Sunday, November 3, 2013

Monday, November 4. 2013

Today's schedule is A-AG-B-C-D

A Block Law 9/10 - Today we have a guest speaker, Mr. Ken Lees. Mr Lees used to teach at Vanier, but now works with SD71 Aboriginal Education Services. He's going to talk with us about Aboriginal principles of justice and how they are being adapted into the Canadian legal system. From the Justice Education Society:

If you have been charged with a crime and are an Aboriginal person, there are special cultural considerations that the court must take into account in assessing your case. This applies to all Aboriginal peoples of Canada, including status and non-status Indian, Inuit, and M├ętis and whether living on or off reserve. What this means is that, as an Aboriginal offender, a restorative justice process may be more appropriate for you. Such processes focus on healing those affected by the criminal act, including the offender, and so are more in line with traditional Aboriginal justice. Also, a restorative justice approach will often allow for a solution with no jail time, which helps reduce the drastic over-representation of Aboriginals in Canadian jails.

B Block Social Studies 10 - Today we start to wrap up our look at Canadian confederation by focusing on and taking some notes about the reaction in the colonies to the decisions made in Quebec. We will see the problems Tilley faced in New Brunswick, Tupper faced in Nova Scotia, Cartier faced in Canada East and examine the reasons why P.E.I. and Newfoundland refused to join with the Canadas. When we finish this, you will begin work on an editorial cartoon for one of the Atlantic colonies (Nova Scotia, New Brunswick, Prince Edward Island, or Newfoundland) about Confederation. Look through the section in your textbook about the reaction in the colonies from the Quebec conference and the plan for Confederation. What did the colonies like or dislike the most about the plan? Who were the characters (Tilley, Tupper, Howe, and Pope in Atlantic Canada and Macdonald or Cartier for the Canadas)? Now read through what an editorial cartoon is on pages 98 & 99 of the text (Skill Builder: Bias in the News) and pages 366 & 367 of the text (Skill: Analyzing Images). Now use all that you've learned and create an editorial cartoon for one of the Atlantic colonies that is either pro (for) or anti (against) Confederation.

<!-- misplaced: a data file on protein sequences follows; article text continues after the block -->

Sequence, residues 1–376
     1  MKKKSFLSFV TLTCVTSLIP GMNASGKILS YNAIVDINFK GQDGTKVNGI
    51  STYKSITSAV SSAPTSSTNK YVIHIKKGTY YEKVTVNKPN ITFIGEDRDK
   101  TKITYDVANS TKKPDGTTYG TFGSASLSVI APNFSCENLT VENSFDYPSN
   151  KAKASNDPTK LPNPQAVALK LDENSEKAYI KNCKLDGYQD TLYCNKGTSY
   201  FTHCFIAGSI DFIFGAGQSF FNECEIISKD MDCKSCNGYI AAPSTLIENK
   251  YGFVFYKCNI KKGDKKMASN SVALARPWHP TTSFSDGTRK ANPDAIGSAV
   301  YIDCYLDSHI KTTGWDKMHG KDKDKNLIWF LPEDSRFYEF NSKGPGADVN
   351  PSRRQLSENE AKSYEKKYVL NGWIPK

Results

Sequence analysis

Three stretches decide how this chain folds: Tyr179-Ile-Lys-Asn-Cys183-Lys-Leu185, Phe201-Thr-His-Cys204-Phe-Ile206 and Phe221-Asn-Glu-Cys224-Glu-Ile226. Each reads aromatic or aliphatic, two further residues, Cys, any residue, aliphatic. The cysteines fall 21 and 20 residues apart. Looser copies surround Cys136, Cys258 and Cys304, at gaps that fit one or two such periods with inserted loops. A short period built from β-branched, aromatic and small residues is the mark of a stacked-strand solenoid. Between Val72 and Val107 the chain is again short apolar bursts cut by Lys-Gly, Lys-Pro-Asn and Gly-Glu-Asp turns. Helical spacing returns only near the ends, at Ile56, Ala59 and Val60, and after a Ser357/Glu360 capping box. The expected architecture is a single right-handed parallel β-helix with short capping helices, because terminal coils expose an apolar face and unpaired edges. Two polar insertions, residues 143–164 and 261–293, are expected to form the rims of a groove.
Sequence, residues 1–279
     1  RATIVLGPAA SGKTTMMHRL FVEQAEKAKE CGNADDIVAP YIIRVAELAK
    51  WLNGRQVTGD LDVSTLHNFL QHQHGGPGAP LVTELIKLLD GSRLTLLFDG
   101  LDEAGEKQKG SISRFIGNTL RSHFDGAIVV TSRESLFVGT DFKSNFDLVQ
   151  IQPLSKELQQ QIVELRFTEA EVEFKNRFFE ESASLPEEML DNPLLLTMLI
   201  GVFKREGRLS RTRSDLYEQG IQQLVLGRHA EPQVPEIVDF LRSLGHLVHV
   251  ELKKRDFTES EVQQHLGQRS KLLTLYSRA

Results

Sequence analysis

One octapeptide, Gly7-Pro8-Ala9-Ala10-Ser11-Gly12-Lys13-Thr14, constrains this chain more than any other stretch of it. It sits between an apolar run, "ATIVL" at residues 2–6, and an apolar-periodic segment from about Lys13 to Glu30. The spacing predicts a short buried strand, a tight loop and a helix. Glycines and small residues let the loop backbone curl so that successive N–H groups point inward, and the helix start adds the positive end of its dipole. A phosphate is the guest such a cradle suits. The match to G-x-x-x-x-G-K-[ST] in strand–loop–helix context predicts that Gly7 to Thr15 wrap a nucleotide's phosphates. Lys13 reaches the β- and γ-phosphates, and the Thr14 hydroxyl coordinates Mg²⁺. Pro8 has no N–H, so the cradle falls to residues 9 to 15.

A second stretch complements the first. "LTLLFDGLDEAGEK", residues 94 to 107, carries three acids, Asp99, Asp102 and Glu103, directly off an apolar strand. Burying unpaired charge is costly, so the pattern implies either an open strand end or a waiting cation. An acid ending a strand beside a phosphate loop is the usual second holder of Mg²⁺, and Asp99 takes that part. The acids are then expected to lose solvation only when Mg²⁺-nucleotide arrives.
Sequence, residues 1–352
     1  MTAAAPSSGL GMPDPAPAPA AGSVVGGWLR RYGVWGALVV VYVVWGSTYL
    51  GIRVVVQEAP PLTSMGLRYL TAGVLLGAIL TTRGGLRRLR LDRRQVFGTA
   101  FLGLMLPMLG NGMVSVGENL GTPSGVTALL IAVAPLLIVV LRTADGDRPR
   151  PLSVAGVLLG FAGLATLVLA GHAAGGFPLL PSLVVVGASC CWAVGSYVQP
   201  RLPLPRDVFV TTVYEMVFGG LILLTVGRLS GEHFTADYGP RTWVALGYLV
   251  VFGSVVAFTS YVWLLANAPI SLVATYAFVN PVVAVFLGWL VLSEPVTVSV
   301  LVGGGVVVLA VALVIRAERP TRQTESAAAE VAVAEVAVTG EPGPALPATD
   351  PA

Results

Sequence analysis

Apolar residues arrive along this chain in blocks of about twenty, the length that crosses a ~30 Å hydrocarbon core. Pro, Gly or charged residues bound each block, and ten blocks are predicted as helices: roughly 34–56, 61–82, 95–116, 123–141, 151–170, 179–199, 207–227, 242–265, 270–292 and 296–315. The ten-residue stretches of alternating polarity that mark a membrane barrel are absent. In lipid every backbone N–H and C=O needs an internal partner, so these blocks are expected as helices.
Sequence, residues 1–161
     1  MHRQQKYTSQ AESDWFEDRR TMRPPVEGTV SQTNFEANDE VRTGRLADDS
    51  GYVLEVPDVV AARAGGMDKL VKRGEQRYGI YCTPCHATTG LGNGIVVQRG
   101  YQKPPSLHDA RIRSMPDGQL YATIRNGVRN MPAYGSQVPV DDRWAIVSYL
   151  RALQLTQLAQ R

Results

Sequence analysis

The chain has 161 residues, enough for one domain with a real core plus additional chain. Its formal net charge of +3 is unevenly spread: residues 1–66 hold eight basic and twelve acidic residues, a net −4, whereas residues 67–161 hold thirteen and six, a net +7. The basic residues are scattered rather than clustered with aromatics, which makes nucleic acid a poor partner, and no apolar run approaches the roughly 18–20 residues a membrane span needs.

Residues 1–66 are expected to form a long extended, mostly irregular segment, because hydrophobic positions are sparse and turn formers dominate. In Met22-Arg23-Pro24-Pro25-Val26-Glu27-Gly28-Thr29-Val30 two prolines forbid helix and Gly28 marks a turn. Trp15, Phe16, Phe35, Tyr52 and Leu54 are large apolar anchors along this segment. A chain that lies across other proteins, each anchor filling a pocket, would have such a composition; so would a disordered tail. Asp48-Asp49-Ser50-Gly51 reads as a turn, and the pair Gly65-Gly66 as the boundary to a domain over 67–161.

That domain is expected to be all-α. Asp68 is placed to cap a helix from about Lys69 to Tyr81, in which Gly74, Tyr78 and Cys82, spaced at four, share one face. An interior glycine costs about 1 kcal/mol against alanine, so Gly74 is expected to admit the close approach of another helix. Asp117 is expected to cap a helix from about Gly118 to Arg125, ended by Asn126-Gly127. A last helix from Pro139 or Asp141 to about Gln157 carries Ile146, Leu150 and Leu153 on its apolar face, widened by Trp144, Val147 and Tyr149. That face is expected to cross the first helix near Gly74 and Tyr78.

Check out Collections Canada political cartoon site on Confederation.

C Block Criminology 12 - This is the last day to get your seminar topic prepared and ready to go for tomorrow. Now let's talk about stress. Some of you are not too fond of public speaking and find it an unpleasant experience. It doesn't have to be. You have five minutes to present information on a criminology topic to the class. The information is about something you are interested in and why you are interested in it. Some of you have indicated that you're panicking about speaking in front of the class which is both natural and actually kind of funny (given that you all have done this already just not in a structured format). So look through the following websites to help you plan for your talk:

CAASAA Public Speaking Skills
How to Conquer Public Speaking Fear
Toastmasters Tips & Techniques
Overcoming the Fear of Speaking to Groups
Overcoming the Fear of Public Speaking
The Art of Speechmaking

We start tomorrow with our presentations for the remainder of the week and we have a final quiz on Thursday .Don't forget I need you to hand in your three questions from last week:
  1. Should drugs be legalized? Why? If you believe drugs should be legalized, think about whether all drugs should be legalized or just a select few. Why should certain drugs be legalized and others not?
  2. Should prostitution be legalized? Why? If you believe it should be legalized, should all the forms of prostitution described in your text be legalized, or only a select few? If prostitution were legalized should government be able to exercise some control over it?
  3. Does pornography lead to violence? Why? Is it harmful? Why Consider all forms of pornography (what is currently legal and illegal) when you answer this question.

D Block Law 12 - We'll start with time to finish up your questions from last week (questions 2, 4 and 5 from page 270; 2 & 5 on page 273; 1, 3, & 5 on page 281; 4 & 5 page 283) and then I'll give you a quick review of the Criminal Law defenses we've been looking at in order to get you ready for Wednesday's mid-unit test. After this I'll give you the rest of the class to get yourself organized for the test; don't forget to ask questions and seek help if you need it.

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